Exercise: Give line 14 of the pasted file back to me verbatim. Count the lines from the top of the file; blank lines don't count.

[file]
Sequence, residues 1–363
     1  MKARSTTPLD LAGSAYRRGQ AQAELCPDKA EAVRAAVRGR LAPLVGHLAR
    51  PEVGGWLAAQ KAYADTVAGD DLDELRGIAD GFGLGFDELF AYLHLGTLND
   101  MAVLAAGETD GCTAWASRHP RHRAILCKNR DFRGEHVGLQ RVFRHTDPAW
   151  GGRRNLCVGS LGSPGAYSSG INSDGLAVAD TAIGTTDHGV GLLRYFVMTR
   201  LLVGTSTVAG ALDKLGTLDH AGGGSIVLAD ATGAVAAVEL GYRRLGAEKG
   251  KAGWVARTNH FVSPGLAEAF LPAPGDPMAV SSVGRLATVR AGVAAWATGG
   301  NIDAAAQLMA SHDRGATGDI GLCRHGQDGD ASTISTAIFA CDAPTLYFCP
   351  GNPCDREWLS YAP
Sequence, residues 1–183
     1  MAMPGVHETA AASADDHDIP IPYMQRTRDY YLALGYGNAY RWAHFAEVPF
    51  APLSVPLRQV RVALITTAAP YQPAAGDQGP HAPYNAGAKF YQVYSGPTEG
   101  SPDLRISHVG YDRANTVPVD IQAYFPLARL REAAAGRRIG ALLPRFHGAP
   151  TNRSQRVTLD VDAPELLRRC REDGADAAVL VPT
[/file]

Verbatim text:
   151  TNRSQRVTLD VDAPELLRRC REDGADAAVL VPT